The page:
Do You Love Me? Feed My Sheep

By Vicente Juan Masip - [2], Public Domain, Wikipedia Commons
By Vicente Juan Masip, Public Domain, Wikipedia Commons

I finally hit the wall.

I’m told lots of new converts do. We take on too much. We try too hard. But I had really gone too far.

Sometimes I was at church almost every day of the week for classes, meetings, special events, trainings. In fact, some days I went to one event in the morning and had to return that night.

For Christ Renews His Parish, I spent an entire weekend in the Parish Hall. That was nearly 48 hours, including a sleepover on a cot in a little cubicle with five wonderful women.

I loved it all. Every moment touched my soul.

But one day, my Jesus said, “Where are you?”

No, it wasn’t a voice. It was a deep “knowing.” That’s how we talk.

There’s a split second of stillness. And a thought rings like a bell through the inner turmoil.

I know Who it is. And this time, I heard Him more clearly than ever before.

My women friends are all doing this thing called “minimizing.” It means going through their closets, cupboards, attics and garages, looking at every object in them, and asking themselves, “Do I love this?”

If the answer is “Yes,” they can keep it. If the answer is, “Well…maybe,” or “No,” they must discard it.

Jesus was leading me through a similar process. Asking me, “Who do you love?” And helping me to discard all the “busy-ness” that was taking me away from Him.

Yes, fellowship is important and essential. But I was no longer doing most of it for love of Him. I was doing it out of a sense of “duty,” or to keep from hurting someone’s feelings or because I just felt I couldn’t say “No,” for whatever reason.

So He missed me. I could feel that, too, in that moment of stillness.

He showed me an image from my early RCIA days. It was the sacristan I saw every week at 7:30 Mass going in and out of the sacristy, bowing so serenely each time. I didn’t even know what that room was called back then. But I always said to myself that I wanted to do what she did one day.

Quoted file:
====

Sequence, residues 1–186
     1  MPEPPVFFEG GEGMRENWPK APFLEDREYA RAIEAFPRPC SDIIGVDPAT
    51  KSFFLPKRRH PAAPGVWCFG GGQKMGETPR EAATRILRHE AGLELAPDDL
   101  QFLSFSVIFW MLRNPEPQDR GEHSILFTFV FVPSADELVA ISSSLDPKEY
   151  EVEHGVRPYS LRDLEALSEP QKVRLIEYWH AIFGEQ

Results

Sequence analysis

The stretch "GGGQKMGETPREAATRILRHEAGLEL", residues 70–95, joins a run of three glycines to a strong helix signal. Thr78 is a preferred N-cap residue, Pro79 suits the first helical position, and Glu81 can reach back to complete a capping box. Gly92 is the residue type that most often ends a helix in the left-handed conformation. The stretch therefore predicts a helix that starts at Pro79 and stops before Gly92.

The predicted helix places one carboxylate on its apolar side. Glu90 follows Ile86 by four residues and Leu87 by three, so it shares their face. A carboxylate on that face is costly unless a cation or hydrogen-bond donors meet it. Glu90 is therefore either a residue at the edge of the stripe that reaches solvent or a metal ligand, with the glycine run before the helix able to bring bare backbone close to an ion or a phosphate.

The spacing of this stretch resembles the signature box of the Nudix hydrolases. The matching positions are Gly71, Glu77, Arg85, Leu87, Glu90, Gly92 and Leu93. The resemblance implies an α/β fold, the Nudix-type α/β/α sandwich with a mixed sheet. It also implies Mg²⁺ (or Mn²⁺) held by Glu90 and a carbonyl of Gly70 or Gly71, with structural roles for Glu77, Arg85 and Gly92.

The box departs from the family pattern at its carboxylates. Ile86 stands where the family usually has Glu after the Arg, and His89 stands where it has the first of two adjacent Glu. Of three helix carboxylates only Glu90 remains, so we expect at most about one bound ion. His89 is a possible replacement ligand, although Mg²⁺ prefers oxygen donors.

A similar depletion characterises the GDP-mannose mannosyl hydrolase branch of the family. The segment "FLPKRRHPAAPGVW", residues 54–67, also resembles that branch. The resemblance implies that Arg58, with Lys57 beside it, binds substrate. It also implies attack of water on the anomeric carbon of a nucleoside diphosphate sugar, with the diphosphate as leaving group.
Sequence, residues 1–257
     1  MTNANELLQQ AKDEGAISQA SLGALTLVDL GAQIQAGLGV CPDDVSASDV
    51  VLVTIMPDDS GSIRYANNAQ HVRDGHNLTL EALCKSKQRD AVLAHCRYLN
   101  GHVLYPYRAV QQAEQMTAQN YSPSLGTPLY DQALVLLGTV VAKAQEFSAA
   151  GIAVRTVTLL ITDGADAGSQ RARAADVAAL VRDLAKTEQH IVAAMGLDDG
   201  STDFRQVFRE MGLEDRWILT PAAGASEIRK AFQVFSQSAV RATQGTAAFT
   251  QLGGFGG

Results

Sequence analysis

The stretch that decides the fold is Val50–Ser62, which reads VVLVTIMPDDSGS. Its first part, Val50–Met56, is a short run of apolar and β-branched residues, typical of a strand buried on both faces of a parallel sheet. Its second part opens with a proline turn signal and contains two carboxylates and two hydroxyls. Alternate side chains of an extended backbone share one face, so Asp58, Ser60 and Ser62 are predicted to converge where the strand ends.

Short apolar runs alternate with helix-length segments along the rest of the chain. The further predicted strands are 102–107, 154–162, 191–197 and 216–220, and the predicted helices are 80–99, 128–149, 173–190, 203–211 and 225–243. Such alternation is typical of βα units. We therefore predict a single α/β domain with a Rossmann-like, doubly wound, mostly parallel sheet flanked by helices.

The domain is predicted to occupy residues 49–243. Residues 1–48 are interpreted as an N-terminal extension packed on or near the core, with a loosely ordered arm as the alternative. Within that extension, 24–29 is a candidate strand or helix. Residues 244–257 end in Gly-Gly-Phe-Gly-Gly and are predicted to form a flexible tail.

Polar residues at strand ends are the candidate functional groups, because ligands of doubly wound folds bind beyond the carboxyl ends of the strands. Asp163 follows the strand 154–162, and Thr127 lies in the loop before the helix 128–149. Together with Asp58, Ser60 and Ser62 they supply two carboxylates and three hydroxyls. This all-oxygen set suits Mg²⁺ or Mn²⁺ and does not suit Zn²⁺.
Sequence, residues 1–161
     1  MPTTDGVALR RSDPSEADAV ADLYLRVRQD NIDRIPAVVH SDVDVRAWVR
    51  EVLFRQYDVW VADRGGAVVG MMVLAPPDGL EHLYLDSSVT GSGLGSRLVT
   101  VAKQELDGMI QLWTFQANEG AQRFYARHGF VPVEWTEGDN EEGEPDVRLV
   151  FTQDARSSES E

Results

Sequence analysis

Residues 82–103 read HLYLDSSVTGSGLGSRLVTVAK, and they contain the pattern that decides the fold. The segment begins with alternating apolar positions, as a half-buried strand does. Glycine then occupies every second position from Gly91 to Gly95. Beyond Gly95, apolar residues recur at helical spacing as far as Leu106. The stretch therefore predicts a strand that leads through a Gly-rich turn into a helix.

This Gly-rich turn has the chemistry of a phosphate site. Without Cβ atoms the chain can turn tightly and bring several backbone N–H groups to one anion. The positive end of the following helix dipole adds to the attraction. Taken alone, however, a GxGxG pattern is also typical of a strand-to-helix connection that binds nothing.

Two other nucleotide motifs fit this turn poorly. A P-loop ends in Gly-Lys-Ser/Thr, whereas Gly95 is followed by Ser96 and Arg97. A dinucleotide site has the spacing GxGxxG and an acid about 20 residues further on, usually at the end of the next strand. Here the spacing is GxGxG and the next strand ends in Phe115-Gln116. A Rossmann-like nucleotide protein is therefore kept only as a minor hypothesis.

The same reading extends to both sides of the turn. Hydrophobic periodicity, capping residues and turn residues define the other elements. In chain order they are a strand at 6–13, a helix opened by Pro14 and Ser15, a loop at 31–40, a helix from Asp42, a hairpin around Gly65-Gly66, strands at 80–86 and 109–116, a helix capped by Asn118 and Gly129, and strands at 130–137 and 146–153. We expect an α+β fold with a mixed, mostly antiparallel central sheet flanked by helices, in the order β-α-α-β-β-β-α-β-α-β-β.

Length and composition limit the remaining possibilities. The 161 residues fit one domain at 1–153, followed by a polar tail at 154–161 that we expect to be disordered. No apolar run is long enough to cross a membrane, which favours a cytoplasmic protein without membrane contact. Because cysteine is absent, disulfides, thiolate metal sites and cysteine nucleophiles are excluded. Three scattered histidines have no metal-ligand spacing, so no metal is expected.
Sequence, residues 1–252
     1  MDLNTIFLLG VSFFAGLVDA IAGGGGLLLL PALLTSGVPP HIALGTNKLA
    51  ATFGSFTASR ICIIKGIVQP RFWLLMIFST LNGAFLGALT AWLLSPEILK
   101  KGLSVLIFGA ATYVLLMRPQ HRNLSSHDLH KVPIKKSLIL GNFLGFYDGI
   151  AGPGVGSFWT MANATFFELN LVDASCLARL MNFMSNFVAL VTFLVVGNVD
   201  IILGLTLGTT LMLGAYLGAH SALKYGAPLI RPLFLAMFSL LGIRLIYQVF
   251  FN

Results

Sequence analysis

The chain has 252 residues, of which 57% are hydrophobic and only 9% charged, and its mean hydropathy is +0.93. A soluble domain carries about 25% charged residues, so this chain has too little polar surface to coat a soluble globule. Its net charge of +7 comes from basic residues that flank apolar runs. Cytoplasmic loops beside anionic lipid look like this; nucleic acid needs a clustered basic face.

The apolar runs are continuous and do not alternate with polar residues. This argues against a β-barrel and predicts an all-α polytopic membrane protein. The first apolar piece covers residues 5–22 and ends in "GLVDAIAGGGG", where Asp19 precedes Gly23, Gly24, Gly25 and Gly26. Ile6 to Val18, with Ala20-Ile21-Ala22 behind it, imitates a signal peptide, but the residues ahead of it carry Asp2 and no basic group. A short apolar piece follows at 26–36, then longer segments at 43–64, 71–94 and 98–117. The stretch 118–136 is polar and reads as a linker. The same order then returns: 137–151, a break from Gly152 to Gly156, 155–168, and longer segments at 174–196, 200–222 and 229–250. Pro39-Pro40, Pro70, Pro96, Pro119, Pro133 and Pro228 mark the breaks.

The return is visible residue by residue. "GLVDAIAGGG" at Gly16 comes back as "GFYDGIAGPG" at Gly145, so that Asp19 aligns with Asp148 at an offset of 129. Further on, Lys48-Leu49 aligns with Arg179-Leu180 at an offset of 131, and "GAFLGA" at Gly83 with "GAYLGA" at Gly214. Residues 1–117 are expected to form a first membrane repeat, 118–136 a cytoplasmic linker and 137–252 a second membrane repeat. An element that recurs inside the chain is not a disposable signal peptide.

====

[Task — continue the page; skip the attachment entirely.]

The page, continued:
I wanted to set the Lord’s table, too. To do one of the humblest and yet one of the most important tasks of all. A task I was sure that women had done for Him back when. Even on that most important of nights when He taught us how He wanted to be remembered with bread and wine.

I remembered, also, his instructions to Peter: “Feed my sheep.” And knew it was time for me to do that. Literally.

And yesterday, for the first time, I did.

It wasn’t magical. I didn’t hear angels sing or feel the Holy Spirit hovering. Okay, yes, there was a familiar and lovely calm. He was there.

So as I opened and bowed to the Tabernacle, I smiled and said, “Here I am. I love You.”

And then I got on with the business of counting and filling the ciboria and cups, getting the gifts set out, all the minutia.

I was trained as a Eucharistic Minister early on, but had never gone to the altar. Yesterday, I went up with the others and after receiving the body and blood, went to distribute the ciboria and to distribute the gluten free hosts by the chapel doors.

And then, after Mass, I cleared the table, did the “washing up,” said “Goodbye” to my Jesus…and that was that.

Until two parish women approached to ask me if I would consider taking Him to a local hospital one day a week, to give communion to the sick. It’s in a neighborhood where they’ve had trouble getting others to go. A place where He would go.

So I knew Who was really asking. Again. Loud and clear:

“Do you love Me? Feed my sheep.”

There may be many ways to do that. I’ve found mine.

With a little help from my Friend.

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